Friday, April 23, 2010

war in heaven/war in kitchen

Stake President Holman centered his talk on a concept President Boyd K. Packer has taught: “True doctrine, understood, changes attitudes and behavior. The study of the doctrines of the gospel will improve behavior quicker than a study of behavior will improve behavior.” (Boyd K. Packer, “Little Children,” Ensign, Nov 1986, 16)

President Tolman then reviewed the plan of salvation, the basic doctrines about the pre-mortal existence, earth life, and the hereafter. Before beginning this review, and several times during the review, he asked a question along the lines of: “Which of these doctrines helps you understand a behavior that you might need to change?” This was thought-provoking and productive.

He then told us that one of his favorite authors is Carl Broderick, a therapist who practiced in Los Angeles. A wikipedia bio indicates that Dr. Broderick was somewhat of a celebrity and a devout member of the LDS Church, having served as bishop, stake president, and patriarch. President Tolman then shared a story that beautifully illustrated an application of the principle he taught us tonight. Dr. Broderick helped a Jewish clinician resolve a conundrum in counseling with LDS parents attempting to deal with a rebellious youth. The LDS couple originally consulted with Dr. Broderick, but as they lived on the other side of Los Angeles from him, he referred him to the other professional that he held in high regard. Here is the story:

“After only a couple of weeks, I got a call from my friend. ‘Carl, I need some help with this couple you referred to me.’ ‘What’s the problem? They probably just need to loosen up the parental iron fist a little.’ ‘That’s right. If they don’t, this kid is about to run away from home or attempt suicide or do something else drastic. But, Carl, every time I suggest any movement in the direction of loosening up, they patiently explain to me that I just don’t understand their religious obligation, as Mormon parents, to keep this kid in line. Frankly, I don’t know how to deal with this. I don’t want to attack their religious beliefs, but the situation is explosive.’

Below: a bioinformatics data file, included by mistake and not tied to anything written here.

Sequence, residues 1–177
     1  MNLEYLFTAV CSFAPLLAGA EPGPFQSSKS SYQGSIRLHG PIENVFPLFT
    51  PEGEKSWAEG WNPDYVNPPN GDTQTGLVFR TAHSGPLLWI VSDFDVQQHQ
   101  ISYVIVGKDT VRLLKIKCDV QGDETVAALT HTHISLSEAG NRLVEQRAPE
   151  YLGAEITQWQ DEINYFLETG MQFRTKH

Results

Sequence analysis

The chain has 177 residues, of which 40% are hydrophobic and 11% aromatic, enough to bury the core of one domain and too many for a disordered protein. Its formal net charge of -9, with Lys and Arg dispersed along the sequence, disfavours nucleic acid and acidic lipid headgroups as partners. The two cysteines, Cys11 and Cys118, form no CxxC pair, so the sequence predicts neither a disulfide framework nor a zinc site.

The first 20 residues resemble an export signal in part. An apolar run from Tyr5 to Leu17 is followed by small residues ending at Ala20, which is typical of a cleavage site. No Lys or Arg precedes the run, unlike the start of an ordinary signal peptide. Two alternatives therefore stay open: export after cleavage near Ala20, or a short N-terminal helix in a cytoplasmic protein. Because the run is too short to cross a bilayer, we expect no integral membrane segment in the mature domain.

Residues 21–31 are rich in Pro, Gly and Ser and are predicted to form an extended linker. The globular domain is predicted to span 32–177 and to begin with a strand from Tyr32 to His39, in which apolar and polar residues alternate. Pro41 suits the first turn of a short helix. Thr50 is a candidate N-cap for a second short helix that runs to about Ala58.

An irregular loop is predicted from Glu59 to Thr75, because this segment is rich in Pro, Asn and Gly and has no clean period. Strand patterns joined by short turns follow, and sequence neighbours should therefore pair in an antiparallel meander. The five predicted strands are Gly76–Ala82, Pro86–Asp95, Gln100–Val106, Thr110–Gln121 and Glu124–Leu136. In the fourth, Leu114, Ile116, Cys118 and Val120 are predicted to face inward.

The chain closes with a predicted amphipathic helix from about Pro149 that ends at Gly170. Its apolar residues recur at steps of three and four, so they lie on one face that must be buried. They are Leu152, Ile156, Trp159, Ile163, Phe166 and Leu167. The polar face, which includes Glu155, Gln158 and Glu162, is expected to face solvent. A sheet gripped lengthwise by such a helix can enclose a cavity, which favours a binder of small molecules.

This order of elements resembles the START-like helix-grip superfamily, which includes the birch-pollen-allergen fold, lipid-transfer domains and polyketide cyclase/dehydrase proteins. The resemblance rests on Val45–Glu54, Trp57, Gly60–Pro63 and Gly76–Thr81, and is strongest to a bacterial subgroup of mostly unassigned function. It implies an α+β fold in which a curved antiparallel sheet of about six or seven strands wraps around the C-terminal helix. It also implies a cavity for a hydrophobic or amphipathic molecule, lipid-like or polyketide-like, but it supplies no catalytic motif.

I thought a moment and then said, ‘Here’s what you do. First, tell them that during the time you have been working with them, you have developed a real curiosity about the Mormon religion. This will serve to get their attention. Then say that there is one issue that keeps coming up when you ask about it that has you mystified. You keep hearing about some ‘war in heaven,’ but you can never quite figure out what it is about.’ ‘That’s it? I just ask them to explain the ‘war in heaven’?’ ‘That’s it.’ ‘Carl, what’s the war in heaven?’ ‘It doesn’t matter; just do what I said and let me know how it goes.’

A few days later he called. ‘Carl, I can’t believe it. I did what you said, and it was like magic.’ ‘So tell me about the session.’ ‘Well, as you suggested, I told them that since I started working with them I had gotten sort of interested in the Mormon religion. You wouldn’t believe the response. Even the rebellious teenage kid promised to give me a copy of some book on the Church with the family picture in the front.

Then I said there was just one thing that kind of confused me about their beliefs. . . . What was this war in heaven? Well, the mom didn’t as much as take a minute to collect her thoughts. In seconds she had launched into some story about a council in heaven and two plans and she gets about three minutes into it and she stops cold in her tracks and gives me a funny look and says, ‘All right, Doctor, you’ve made your point.’ From that moment on they were like putty in my hands. It was like magic.’ . . .

Of course, there was no magic. This good LDS woman simply had the unnerving experience of explaining Satan’s plan to an ‘investigator’ and, in the midst of her explanation, recognizing it as substantially her own version of responsible Mormon parenting as she had outlined it to him the week before. She understood the gospel principle fully; she just had been blinded to its applicability to her everyday challenges as a parent.’”
--recounted by Greg Jones

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